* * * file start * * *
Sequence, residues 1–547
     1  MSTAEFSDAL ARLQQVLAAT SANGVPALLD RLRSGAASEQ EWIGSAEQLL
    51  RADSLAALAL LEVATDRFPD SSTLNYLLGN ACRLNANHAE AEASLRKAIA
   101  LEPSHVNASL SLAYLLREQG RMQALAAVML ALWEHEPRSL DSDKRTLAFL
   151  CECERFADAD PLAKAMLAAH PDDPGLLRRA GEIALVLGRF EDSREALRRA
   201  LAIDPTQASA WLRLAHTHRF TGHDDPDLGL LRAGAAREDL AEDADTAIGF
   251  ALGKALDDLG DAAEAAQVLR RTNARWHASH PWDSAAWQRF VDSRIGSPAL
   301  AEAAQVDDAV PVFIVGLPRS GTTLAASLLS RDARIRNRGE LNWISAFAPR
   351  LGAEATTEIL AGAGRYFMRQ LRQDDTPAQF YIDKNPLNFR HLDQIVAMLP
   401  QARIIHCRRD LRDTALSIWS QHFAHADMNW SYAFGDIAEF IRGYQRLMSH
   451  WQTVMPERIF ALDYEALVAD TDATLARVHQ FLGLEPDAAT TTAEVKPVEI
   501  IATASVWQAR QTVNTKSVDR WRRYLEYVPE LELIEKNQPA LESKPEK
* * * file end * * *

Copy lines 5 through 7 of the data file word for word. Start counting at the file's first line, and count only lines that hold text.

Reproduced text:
   151  CECERFADAD PLAKAMLAAH PDDPGLLRRA GEIALVLGRF EDSREALRRA
   201  LAIDPTQASA WLRLAHTHRF TGHDDPDLGL LRAGAAREDL AEDADTAIGF
   251  ALGKALDDLG DAAEAAQVLR RTNARWHASH PWDSAAWQRF VDSRIGSPAL